“All persons are equal before the law. Consequently, they are entitled, without discrimination, to equal protection of the law” (art 24, CIDH, 1969)

All three articles ensure that States guarantee that all individuals are equal to the law and therefore receive equal protection. Having analyzed these key parts of the ICCPR and ACHR, the Universal Family Bonus must have included Venezuelan migrants residents in Peruvian territory.

Peru is legally bound by both Conventions, which means that Peruvians and Venezuelan residents must enjoy equality in treatment under the law. However, the South-American country failed to recognize such equality in the case of the Bonus. The Government released the latter under an urgent decree, which in Peruvian domestic law amounts to national law (Baldwin, 2020). Following the principle of equality before the law highlighted by both Conventions, the Government must have included foreign nationals residents in the country since they are under the country’s jurisdiction; as a result of being recognized as legal residents by a national decree mentioned above. However, Peru failed to ensure equality in the protection of the aforementioned group, which results in a violation of the three articles. Therefore violating Venezuelan immigrants’ human rights.

Another layer of international law breached by the Peruvian Government is related to the vulnerability of Venezuelan refugees. Having ratified the 1951 Convention and its 1967 Protocol, Peru is a state party of the refugee protection regime, which binds the country to follow its content. Having said this, it is worth analyzing the situation of refugees in the frame of the Bonus case.

According to the UNHCR, Peru has granted refugee status to over 5000 Venezuelans (UN, 2020). However, just as the other Venezuelan migrants that do not enjoy refugee status, they have not been recognized as beneficiaries for the Universal Family Bonus. The lack of compromise with the special status inherent to refugees creates a contradiction with the responsibility Peru acquired after becoming a member of the refugee regime.

More specifically, under article 23 of the 1951 Convention, Peru is required to “ [provide] refugees lawfully staying in their territory the same treatment concerning public relief and assistance as is accorded to their nationals.” (1951) The Peruvian Government falls into the same contradiction as in the case of Venezuelan migrants. Given the economic fragility demonstrated by Venezuelan refugees and due to the provisions under article 23, the latter group must have been included to receive the Universal Family Bonus. Having said this, the Peruvian Government is also violating the rights of refugees and being negligent with the compromise it acquired under the 1951 Convention. From an international perspective, the state’s breach of article 23 undermines the international efforts to secure the lives of those who flee their country.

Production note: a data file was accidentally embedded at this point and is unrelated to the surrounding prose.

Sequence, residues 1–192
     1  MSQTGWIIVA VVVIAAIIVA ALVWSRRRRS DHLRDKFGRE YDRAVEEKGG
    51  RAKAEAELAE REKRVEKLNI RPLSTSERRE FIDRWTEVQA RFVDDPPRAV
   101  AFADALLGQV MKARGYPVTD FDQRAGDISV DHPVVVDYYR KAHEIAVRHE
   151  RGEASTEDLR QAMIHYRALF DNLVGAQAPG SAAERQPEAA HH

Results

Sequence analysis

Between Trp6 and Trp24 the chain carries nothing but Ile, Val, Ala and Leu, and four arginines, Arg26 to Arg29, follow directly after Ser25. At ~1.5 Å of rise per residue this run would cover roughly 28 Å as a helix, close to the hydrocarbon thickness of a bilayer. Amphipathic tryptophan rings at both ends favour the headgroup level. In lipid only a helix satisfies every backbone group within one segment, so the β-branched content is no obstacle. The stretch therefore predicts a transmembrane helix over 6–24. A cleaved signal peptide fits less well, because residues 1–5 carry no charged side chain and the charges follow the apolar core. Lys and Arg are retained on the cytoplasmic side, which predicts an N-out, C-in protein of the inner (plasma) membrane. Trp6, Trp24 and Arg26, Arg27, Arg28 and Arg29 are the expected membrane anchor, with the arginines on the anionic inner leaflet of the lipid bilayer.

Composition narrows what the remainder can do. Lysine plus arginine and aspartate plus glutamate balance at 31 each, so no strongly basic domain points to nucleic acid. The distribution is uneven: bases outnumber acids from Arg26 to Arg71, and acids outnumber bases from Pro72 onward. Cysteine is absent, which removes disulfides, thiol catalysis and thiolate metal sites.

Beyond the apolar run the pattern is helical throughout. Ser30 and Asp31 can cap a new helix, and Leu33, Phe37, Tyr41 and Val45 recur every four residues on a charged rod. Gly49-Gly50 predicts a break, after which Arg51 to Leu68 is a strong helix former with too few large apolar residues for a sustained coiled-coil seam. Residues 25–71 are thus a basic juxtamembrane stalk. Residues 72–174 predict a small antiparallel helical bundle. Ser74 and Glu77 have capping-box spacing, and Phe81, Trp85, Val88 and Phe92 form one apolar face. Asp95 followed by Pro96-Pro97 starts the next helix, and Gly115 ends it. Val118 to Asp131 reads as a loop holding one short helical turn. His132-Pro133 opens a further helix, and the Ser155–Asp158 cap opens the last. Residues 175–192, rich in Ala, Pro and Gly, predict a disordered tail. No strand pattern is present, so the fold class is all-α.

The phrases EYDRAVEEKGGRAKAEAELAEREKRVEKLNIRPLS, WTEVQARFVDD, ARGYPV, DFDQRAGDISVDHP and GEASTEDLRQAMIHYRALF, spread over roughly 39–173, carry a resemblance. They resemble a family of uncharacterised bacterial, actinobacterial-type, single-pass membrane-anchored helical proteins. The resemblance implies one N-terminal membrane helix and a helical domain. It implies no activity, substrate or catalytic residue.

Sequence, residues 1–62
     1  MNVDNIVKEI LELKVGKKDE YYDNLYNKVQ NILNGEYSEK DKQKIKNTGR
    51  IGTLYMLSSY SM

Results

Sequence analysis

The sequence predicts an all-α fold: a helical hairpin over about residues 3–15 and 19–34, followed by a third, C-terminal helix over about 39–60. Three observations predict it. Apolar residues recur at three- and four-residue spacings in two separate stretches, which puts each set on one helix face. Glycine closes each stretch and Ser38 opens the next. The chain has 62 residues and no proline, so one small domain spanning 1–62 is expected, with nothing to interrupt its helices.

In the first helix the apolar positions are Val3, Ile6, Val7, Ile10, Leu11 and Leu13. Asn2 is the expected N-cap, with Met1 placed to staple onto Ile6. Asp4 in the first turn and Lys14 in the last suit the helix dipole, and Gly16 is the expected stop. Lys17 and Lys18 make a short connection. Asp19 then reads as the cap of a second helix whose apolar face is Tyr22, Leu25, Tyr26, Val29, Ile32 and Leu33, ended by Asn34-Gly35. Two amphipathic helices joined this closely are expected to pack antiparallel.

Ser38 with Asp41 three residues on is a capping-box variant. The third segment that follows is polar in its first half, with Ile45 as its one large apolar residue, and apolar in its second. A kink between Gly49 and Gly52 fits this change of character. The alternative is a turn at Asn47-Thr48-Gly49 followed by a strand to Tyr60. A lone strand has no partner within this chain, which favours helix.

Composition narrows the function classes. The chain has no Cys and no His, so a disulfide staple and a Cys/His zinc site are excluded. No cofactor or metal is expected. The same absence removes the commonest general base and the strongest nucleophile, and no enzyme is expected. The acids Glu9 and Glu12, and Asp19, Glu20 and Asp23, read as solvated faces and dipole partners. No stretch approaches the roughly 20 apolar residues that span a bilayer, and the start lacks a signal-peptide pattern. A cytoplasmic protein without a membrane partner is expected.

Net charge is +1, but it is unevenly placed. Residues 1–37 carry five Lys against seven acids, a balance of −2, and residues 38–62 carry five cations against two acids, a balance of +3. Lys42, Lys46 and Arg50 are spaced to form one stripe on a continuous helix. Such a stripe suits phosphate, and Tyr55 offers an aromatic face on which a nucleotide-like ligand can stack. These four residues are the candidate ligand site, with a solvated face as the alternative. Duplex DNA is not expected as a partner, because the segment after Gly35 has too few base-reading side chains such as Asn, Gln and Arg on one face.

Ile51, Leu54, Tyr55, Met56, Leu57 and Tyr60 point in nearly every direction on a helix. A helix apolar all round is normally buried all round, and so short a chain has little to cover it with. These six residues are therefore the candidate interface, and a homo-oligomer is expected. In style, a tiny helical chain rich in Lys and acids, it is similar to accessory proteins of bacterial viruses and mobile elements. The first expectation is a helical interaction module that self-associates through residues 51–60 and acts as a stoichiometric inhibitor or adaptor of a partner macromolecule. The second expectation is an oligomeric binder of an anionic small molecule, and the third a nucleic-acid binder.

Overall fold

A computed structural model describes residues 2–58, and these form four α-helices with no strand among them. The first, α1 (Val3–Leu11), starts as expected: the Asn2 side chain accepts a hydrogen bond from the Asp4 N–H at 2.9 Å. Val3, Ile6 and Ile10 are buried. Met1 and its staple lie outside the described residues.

After analyzing the violation of articles of the ICCPR, ACHR, and 1951 Convention, it is possible to argue that Peru is not fulfilling its state’s obligations. Under international law, “the State is required to make sure individuals’ rights, as recognized by law, are respected, protected, fulfilled and, when necessary, enforced.” (UNODOC, 2020) The obligations to which a State is accountable are of negative and positive nature. The former “refers to a duty not to act; that is, to refrain from action that would hinder human rights.” (2020), and the latter “requires national authorities to act; that is, to take necessary measures to safeguard a right.” (2020)

When it comes to positive obligations, the Peruvian Government neglected its positive obligations. Peru did not take all the necessary measures to implement policies to safeguard the well-being of Venezuelans that are under its jurisdiction. In regards to negative obligations, the situation is far from different. Even if there was no intentional aim to hinder these migrant’s human rights, the omission from the Peruvian Government caused the same effect. Failing to include Venezuelans in the Bonus harmed their human rights, as their situation is precarious and vulnerable. Therefore, Peru must have refrained from excluding Venezuelans from its decree.


To summarize, immigrants’ rights have become more fragile throughout the coronavirus pandemic. As States rushed to secure their populations’ well-being, they ended up excluding non-citizens under their jurisdiction. This situation becomes clear in the Peruvian case, as the Government neglected the needs of Venezuelan immigrants that were under its protection. Therefore, the policy implemented by the Peruvian Government violated its obligations before International Law and the human rights of Venezuelan migrants.

The Peruvian Government, however, must comply with the responsibilities they acquired through international law documents. Failing to meet the standards of the latter is a breach of its obligations under international law. All of which jeopardizes the advancement of the Human Rights regime and incentivizes the emergence of isolationist behaviors.

Finally, States that have immigrants under their jurisdiction should refrain from implementing dichotomic approaches in their policies. Human rights are universal for all humankind and differences based on citizenship only aggravate social inequalities. Instead, States should have a holistic view and strive for effective equality of their overall population.